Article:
From the point of view of Elastic, it is absolutely understandable that they had to change something. Why put all the efforts in creating, improving and maintaining Software when your competitors simply use your own software and sell it as a service (and do not contribute to the project)?

I'm confused. Do I have to pay now?

No, according to Elastic, the products remain free of charge. Some features have been and will remain to be only available with a (Gold+) subscription:

Elastic License change explained in a chart. Starting with 7.11 the change is applied.
Elastic License change explained in a chart, used in the announcement. Starting with 7.11 the change is applied.

What does the license change mean to a software developer?

If you are a software developer and you are using Elasticsearch (or another product from Elastic) with the Elastic license in the background, this remains free. Elastic points out:

We will continue to develop our code in the open, engage with our community, and publish our releases for free under the Elastic License as we have done for the last three years. We remain committed to keeping all of our free features free

Shay Banon, Elastic

Meaning: Nothing changes, as long as you don't build/install Elasticsearch from the open source code repositories.

If you are however a developer actively using and modifying the source code of Elasticsearch or Kibana, you will have to publish all your modifications, as long as your product will be available (and sold) as SaaS on the Internet. The easiest thing to do in this case is probably to simply fork the source code repository and (publicly) release all your modifications.

If you have been using the "OSS builds" or packages in the past, this will be a major change for you: These "-oss" packages will be gone starting with the 7.11 release.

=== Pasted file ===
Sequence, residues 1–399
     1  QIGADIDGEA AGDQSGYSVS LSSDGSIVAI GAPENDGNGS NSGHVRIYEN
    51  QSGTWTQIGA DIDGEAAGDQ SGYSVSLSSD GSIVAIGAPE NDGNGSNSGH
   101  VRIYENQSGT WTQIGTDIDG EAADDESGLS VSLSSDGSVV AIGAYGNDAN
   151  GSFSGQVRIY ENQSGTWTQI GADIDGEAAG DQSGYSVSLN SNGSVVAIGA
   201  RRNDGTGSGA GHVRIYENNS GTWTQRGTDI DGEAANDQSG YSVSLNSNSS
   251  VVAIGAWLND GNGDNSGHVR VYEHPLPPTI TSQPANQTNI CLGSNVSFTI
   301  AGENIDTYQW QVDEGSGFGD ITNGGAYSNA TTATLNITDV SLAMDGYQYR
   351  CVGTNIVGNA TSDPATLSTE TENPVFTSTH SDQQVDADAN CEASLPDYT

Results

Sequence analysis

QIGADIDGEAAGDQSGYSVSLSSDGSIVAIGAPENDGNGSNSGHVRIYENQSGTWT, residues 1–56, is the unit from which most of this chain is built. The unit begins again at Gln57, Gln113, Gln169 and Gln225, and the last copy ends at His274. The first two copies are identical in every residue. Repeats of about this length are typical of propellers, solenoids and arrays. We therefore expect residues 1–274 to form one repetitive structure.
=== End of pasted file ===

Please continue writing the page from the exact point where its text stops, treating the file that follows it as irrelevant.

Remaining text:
What does license change mean to a company using Elasticsearch on-premise?

The same applies to companies which installed Elasticsearch on-premise. In almost all cases the installation was made from the Elastic binary packages or package repositories. This remains under the Elastic License. Whether or not a subscription contract exists.

Only if a company built own Elasticsearch packages from the source code, modifications and top-layer management code must be published – if the resulting technology is sold. For internal only use, there is no need to publish the adjustments.

What does license change mean to a company building and selling solutions with an Elasticsearch setup included?

As in the previous scenario, using the packages from Elastic, will not change anything. The Elastic License remains in place. Typical example: A company is selling a complete Log Analysis Tool setup which uses Elasticsearch in the background (and not directly accessible to the customer). As long as the Elastic packages were used for the installation, this is allowed. Even if this company wants to sell this solution as Software as a Service (SaaS).

But if a company built own Elasticsearch packages from the source code, modifications and top-layer management code must be published.

What does license change mean to a cloud provider company offering Elasticsearch as a service?

Direct selling of Elasticsearch or Kibana as a service to customers is not allowed anymore – unless all involved code (including the management layer) is publicly published. The only possibility would be to have a SaaS product of which Elasticsearch is a part of in the background – but not the essential service and not directly available to the customer.

The eyes are clearly on Amazon Web Services (AWS) on this matter. How will they react? As it was made known to us from a source working at Elastic, AWS used the source code of Elasticsearch, modified and repackaged it and started selling the final product to (direct) customers.

Claudio Kuenzler
Claudio has been writing way over 1000 articles on his own blog since 2008 already. He is fascinated by technology, especially Open Source Software. As a Senior Systems Engineer he has seen and solved a lot of problems - and writes about them.